I also agree with Leeann, Kevin, Peter, and others here concerning Garth Brooks. He is one of the first artists I remember ever being a fan of, and I have so many great memories of my earliest times of being a country fan that involve both this album and No Fences. I just can’t but help but still be a fan of his and root for him, despite some of his more recent material being hit or miss and him just being a polarizing figure, overall. A lot of country music’s success in the 90’s is most definitely owed to Garth, and I just can’t imagine the decade being what it was if it wasn’t for him.

    As for him possibly having a negative influence on what’s followed him since, I blame that more on the industry being so copycat (not to mention, spoiled rotten by his success) and expecting just about everybody else from that point on to copy the arena rock style and thinking that everyone had to sell just as many records and tickets as him.

  13. BTW, I wouldn’t realize until later on that it was Trisha Yearwood doing those backup vocals. Leeann, I do remember hearing that story about how Garth got her to that famous vocal lick of her’s near the end! lol

  14. Count me in with the unapologetic Garth Brooks fans too. Those first 7 albums are all classics.

    I could do without some of the spectacle, the third-person references in interviews and the over singing, but as Peter said brilliantly above, being a Garth Brooks fan means accepting his cringeworthy moments in between the moments of musical mastery. In the grand scheme, I still count more of the latter.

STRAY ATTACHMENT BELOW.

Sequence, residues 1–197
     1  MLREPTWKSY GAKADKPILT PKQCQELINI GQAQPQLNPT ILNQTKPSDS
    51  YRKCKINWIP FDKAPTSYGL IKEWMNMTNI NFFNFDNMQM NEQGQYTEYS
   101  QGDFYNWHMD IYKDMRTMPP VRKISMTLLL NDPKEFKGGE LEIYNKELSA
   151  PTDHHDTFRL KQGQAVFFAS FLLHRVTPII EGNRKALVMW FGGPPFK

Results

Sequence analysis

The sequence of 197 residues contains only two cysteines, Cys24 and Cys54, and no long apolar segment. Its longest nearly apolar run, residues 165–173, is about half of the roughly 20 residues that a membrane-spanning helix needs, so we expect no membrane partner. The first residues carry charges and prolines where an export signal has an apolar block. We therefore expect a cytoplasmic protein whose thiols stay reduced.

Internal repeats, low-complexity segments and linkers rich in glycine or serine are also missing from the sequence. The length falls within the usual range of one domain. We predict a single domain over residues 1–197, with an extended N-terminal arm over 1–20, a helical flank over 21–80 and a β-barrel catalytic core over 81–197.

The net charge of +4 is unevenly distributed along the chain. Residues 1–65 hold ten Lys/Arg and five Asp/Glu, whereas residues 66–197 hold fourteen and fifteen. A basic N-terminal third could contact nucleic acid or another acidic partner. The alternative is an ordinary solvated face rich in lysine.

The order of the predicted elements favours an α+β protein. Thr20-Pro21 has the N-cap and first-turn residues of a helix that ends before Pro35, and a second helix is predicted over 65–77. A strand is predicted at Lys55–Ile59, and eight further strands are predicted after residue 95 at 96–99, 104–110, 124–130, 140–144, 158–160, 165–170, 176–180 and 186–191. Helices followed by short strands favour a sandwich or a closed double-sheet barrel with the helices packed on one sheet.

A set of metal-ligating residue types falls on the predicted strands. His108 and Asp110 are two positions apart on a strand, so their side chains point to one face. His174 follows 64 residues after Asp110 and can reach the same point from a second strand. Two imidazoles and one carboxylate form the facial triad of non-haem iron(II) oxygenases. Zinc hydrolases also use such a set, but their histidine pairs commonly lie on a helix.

I would say country music benefitted from Garth. He made everyone pay attention to country. From soccer moms and college kids buying his albums to the Wall Street and Music Row bean counters who were only seeing the SoundScan numbers, he forever raised country music’s visibility and credibility in the industry.

    And he recorded some damn good music along the way.

  15. This is about the time in county music that there stated to be a shift (and not in a good way). I admire his success but I would easily give this a “D” at best

  16. It’s kinda cool to see actual debate on a song that not everyone universally loves, as it seems like most of these singles in the feature to this point are either universally liked/loved, or just not that memorable. I personally never really loved it, mainly because it first came out when I was a kid, and his screaming on the chorus at the end scared the living daylights out of me the first time I heard it. That’s the thing…this definitely stood out, as opposed to the laid back stuff that was being in released in 1991.

    Listening to it now, I understand it’s appeal to folks and why it stood out to people…but I still never warmed to it. What got Garth to be as big as he was was the music, and the genuine/relatable nature of it. He still has some good material coming forward, but…this always felt like artifice over quality, and honestly…there’s not much here lyrically that clicks with me (sorry Billy Joel fans). Again, I can’t say it’s not a memorable record…it’s just not one that ever really worked for me.